Mindfulness works as a therapy to increase impulse control. While the results of practice are well-researched, the neurological mechanisms are indeterminate. Something about mindfulness practice actually changes the cortical make-up of the brain. Why this happens is not yet known. It could be the focused attention or the release of judgmental thoughts. Or, it could be the discipline.
Of the people I teach, the only ones who become serious meditators are the ones who set aside a regular time each day and commit to the practice. For them, it becomes a part of their lives, and soon the day just seems wrong if they do not meditate. People who don’t establish this discipline quickly fall away from the benefits they found as they began practicing. Just as meditation focuses on the relentless return of attention to the breath as the mind wanders, it requires this discipline of each moment of practice to become a greater part of the meditator’s life.
I espouse meditation as an adjunct therapy for mental illness. Inherent in many serious mental illnesses is a lack of impulse control. We often follow the trappings of our minds into dangerous and defeating places. We often act out without thinking. We are encouraged in this behavior by a society that makes every want immediately available, whether we’re ready for it or not – whether we can pay for it or not. To introduce discipline into the allure of immediate gratification is difficult. We can view it as stunting and boring. Or we can see it as an opportunity to regroup and draw on our greatest strengths to achieve the things we are most capable of.
I began a meditation practice years ago, and while the stress relief and relaxation benefits appeared almost immediately, the true work of changing my mind took years. I had to get up early every day and sit and focus my attention on my breath. This is difficult work, for meditation is an exercise in failure. We stay with the breath and very soon are off lost in thought, only to catch ourselves and once again return to the breath. Over and over again. Always failing to stay focused, always coming back, and always drifting off again. But each moment lost is an opportunity to return to the present and, one day, become a nonjudgmental observer of our own mind. Only then can the idea that we are not our impulses, nor do we have to act on our impulses, be revealed.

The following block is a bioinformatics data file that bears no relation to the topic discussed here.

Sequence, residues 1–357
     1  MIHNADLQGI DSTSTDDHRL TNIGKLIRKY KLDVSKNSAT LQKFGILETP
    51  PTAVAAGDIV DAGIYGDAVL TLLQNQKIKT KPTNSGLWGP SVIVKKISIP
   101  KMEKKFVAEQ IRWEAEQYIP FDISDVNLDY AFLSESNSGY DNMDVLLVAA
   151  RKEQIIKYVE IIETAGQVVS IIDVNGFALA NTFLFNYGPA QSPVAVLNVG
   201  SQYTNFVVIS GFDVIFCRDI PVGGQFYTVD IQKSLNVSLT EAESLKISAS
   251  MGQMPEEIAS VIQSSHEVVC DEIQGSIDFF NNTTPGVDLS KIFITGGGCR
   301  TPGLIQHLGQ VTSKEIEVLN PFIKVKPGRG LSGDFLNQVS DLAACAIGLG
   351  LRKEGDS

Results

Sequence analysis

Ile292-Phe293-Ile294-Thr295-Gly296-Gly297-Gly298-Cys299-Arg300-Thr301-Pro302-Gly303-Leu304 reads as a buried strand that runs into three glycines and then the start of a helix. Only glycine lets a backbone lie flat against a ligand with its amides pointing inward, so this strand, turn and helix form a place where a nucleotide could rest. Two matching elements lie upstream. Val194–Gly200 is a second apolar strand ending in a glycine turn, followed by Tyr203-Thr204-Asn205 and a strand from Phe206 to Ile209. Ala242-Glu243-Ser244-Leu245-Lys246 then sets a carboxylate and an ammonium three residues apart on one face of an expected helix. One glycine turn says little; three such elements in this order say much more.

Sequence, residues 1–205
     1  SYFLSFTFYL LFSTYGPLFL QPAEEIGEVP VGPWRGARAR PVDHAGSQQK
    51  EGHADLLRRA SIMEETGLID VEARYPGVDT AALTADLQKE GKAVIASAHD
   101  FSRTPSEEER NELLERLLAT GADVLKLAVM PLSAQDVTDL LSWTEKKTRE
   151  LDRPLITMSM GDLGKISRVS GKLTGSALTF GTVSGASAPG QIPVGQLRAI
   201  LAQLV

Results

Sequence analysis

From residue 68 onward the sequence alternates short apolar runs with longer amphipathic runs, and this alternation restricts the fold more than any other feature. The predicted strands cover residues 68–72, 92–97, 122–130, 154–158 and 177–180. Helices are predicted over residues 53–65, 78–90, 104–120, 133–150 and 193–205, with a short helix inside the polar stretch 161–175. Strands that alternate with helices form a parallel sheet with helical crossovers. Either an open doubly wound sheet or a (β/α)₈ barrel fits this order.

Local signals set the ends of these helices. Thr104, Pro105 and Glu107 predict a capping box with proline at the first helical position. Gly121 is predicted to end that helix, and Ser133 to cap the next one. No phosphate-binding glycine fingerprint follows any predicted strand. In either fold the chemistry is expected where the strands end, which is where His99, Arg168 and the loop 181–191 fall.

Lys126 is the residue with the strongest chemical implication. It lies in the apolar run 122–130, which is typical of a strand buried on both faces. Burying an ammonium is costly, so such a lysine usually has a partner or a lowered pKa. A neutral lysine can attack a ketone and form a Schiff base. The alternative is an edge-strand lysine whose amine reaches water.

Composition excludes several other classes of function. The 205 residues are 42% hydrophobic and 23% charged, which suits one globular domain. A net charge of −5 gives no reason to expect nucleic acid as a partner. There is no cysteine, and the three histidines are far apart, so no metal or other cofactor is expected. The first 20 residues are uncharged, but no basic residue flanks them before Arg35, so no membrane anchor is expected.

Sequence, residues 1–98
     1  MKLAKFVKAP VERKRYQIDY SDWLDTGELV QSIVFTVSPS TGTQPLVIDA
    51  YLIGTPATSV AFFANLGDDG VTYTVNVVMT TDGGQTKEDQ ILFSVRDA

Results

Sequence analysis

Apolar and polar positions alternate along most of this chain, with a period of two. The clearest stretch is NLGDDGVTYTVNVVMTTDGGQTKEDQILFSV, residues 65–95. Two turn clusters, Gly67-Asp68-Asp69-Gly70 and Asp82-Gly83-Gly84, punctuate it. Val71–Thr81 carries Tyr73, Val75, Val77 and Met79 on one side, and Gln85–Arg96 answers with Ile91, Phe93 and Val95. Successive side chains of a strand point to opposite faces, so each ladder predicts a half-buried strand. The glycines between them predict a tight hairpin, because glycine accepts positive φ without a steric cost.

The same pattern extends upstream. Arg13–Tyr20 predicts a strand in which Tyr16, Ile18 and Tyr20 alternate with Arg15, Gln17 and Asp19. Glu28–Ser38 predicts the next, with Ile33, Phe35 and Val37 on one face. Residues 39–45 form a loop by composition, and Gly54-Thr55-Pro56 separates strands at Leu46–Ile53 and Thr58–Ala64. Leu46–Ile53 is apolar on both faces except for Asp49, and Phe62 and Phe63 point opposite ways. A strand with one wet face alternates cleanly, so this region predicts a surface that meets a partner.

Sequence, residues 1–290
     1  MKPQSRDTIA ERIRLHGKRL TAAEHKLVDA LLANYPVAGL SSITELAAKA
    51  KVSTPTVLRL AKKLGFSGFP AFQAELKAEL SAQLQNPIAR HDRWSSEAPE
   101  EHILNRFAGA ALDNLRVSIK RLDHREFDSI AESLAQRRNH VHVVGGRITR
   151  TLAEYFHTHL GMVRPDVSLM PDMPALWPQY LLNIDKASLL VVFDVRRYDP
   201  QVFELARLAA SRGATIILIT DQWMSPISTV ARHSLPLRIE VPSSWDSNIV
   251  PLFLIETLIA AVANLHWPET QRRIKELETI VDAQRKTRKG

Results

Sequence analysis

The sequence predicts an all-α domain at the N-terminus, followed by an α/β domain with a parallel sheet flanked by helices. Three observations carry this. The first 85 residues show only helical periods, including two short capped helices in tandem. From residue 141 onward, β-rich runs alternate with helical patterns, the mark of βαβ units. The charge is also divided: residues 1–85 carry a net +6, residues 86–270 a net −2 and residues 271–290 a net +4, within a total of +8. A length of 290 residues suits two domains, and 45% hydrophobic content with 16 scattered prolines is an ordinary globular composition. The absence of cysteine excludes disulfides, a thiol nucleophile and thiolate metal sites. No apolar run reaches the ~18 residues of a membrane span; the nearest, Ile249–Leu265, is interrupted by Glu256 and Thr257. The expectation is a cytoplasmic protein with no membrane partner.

This takes great discipline. But then, so do most all accomplishments. I believe the practice of discipline in meditating daily becomes as important, perhaps even more important, than the development of mindfulness. Doing something positive consistently will likely yield positive results. Little will come to the person not willing to do the work required.
As I’ve said before, once we are diagnosed with a mental illness we have an excuse for everything. Failure is expected, and self-discipline becomes an anomaly. But we can reinstitute self-discipline in many ways. A regular meditation practice is one way. And through the practice of self-discipline we can find achievement. I’m not saying be dull and stop expressing yourself. I’m saying be well, and stop defeating yourself.